The same method applies to cabbages and other brassicas for white butterfly caterpillars.

  • Aphids can be sprayed with a combination of Neem Tree Oil and Key Pyrethrum or alternatively with soapy water made from cake sunlight soap.
  • Spider mites are another pest that quickly build up populations and can be noticed by the small fine webs they make on plants. A spray with Liquid Sulphur will stop them in their tracks.
  • Scale insects can be controlled with sprays of Neem Tree Oil, spray for total coverage of the plant affected.
  • Mealy bugs not only are found in the foliage of plants but also in the root system. Spray the foliage with Neem Tree Oil and sprinkle Neem Tree Granules under the the plant in the root zone. These can also be sprayed with the oil to increase their effectiveness.
  • Citrus tree borer and borer in other plants can be controlled be controlled by sprinkling Neem Tree Granules in the root zone and then with a solution of Neem Tree Oil made at 25mils per litre of warm water, watered across the granules. Repeat the oil application a month later. Thrips in rhododendrons can be controlled by using the same method.

In fact the application of Neem Tree Oil and Granules often works well in many plants for insect control without the need to spray. This is a great advantage as larger plants with denser foliage are very difficult to spray.

The real secret of insect pest control is to get started early in the season before their populations start to build up. This means checking your plants every week for any sign of problems and taking action.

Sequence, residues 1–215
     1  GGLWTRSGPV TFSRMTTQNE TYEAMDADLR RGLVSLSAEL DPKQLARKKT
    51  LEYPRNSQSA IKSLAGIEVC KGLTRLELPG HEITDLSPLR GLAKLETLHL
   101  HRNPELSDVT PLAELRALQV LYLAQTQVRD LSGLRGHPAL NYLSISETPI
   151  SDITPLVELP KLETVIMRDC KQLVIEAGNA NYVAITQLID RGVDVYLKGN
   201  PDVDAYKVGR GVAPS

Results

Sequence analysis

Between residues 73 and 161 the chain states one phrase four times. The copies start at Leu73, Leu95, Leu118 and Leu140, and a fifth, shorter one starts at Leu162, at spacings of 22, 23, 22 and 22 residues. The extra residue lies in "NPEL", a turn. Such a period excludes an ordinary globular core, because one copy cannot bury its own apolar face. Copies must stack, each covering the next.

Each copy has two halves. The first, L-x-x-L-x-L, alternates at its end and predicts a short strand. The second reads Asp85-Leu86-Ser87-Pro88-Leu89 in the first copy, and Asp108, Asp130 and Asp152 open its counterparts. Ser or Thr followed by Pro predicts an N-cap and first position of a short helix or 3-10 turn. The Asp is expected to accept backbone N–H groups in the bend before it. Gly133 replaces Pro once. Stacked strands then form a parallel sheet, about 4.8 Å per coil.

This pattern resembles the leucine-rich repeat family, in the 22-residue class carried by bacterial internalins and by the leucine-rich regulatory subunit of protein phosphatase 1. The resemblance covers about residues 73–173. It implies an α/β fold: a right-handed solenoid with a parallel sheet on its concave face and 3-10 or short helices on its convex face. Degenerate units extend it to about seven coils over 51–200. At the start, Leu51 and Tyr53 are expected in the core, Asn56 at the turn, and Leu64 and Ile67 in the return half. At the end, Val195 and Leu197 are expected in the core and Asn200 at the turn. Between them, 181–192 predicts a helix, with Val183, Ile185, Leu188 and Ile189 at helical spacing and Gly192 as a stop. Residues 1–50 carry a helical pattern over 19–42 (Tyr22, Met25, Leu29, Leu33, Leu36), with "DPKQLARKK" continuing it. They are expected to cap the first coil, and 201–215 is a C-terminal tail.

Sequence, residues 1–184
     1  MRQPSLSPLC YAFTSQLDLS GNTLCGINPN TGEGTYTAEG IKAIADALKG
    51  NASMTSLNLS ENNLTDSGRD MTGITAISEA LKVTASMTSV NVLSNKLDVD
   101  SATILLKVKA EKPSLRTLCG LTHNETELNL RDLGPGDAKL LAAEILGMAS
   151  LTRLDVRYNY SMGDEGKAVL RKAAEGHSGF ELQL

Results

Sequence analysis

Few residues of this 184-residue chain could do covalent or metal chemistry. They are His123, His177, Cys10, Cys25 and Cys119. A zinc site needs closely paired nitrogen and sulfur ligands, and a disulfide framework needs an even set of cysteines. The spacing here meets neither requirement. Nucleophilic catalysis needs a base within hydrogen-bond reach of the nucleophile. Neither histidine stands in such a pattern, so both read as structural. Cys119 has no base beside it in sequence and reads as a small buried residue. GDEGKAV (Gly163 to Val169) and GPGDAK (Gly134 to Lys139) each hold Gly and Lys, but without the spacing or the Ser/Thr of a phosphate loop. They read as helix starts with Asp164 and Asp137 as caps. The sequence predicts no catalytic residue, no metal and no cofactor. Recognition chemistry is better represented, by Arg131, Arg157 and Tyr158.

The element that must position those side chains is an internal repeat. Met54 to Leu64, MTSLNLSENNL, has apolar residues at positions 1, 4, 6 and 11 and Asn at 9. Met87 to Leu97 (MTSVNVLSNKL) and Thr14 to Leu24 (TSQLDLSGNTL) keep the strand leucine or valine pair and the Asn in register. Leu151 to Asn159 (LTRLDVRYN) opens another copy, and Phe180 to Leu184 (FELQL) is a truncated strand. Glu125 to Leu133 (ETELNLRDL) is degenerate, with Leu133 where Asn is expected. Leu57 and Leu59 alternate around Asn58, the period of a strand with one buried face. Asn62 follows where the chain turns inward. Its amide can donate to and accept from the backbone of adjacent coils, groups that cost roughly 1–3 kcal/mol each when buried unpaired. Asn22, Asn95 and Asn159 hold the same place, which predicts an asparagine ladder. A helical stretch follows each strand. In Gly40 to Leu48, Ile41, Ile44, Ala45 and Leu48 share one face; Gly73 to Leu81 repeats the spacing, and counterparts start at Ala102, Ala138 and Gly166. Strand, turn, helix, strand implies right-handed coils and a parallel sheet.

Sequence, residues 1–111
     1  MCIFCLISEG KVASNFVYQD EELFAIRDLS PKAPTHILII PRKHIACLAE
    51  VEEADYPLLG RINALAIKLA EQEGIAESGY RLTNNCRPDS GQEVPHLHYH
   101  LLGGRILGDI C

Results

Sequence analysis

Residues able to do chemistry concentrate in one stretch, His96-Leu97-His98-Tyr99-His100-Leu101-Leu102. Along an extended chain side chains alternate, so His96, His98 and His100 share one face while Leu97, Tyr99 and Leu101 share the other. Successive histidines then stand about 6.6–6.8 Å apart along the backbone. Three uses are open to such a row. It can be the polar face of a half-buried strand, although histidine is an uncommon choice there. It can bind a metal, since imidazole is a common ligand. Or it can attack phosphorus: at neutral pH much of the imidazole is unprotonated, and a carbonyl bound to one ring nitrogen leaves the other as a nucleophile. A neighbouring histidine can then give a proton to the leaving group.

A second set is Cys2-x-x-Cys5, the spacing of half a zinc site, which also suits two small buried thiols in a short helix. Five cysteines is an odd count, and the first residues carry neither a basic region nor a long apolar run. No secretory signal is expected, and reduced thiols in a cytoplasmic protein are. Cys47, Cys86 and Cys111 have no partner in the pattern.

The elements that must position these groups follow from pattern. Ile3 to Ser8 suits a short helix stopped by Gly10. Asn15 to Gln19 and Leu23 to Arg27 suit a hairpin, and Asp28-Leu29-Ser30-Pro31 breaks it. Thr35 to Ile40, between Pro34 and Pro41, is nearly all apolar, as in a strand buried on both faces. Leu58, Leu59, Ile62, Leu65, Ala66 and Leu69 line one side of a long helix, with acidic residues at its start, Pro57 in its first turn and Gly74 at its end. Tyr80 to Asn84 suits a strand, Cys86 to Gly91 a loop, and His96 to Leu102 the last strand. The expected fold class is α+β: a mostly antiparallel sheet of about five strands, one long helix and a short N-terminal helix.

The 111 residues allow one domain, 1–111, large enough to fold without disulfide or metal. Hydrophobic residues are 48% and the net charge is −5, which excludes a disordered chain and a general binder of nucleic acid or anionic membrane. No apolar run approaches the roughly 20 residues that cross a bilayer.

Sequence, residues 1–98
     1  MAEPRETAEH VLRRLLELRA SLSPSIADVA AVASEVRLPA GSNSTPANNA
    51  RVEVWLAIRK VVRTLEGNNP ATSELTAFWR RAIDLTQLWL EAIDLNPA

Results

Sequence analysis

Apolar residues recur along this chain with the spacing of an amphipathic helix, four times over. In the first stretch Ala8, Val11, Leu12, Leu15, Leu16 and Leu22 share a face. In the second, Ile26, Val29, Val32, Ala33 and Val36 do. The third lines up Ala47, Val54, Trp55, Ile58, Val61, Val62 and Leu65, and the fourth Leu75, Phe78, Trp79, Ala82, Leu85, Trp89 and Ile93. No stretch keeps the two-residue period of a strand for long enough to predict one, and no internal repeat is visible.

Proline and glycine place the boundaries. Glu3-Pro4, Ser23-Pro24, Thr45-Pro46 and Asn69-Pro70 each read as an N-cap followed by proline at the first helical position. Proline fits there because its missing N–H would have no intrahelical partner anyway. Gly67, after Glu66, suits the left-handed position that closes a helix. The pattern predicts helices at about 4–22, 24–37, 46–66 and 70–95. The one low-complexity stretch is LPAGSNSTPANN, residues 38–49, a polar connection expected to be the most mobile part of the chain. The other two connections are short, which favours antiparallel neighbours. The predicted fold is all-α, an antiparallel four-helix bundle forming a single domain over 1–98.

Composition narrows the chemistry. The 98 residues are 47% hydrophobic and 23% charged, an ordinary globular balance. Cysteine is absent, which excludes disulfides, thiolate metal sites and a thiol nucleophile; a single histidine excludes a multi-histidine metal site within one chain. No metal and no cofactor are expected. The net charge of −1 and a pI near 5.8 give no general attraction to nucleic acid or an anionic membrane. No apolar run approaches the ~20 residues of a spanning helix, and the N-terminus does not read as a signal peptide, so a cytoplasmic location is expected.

You may see a couple of whitefly adults flying when you disturb a plant and think there is not a problem, but a week or so later there will be a lot more and the populations will build quickly from that point and become a major problem as summer progresses. The other aspect is to control all the places where the pests are breeding otherwise they will only keep on re-infesting the plants you are spraying or treating.

When a large population of pests have built up on a neighbouring property you have an on going problem unless they are controlled at source. Get permission from the neighbours to treat the problem on their property, if you don’t you will fight all summer in your own garden and even start to believe the control methods are not working.

Start early and check all breeding areas.

Happy gardening!

Wally Richards

3 comments on “Seasonal Pests

  1. A low cost, green eco friendly, healthy natural way to deal with aphids is to make a homemade liquid from soapberry which grows on the Chinaberry tree and has been used for thousands of years. It works very effectively.

  2. Do you know of an organic way to get rid of Snails besides burying half full beer cans.

  3. Hi Sandy,

    You can use coffee grounds from your local espresso bar – (ask for a big bag at the end of the day) – then sprinkle the grounds about 1 cm tall and 3 cm deep around your plants.

    You cal also go out with a torch at night and collect them.

    Regards

    Tim D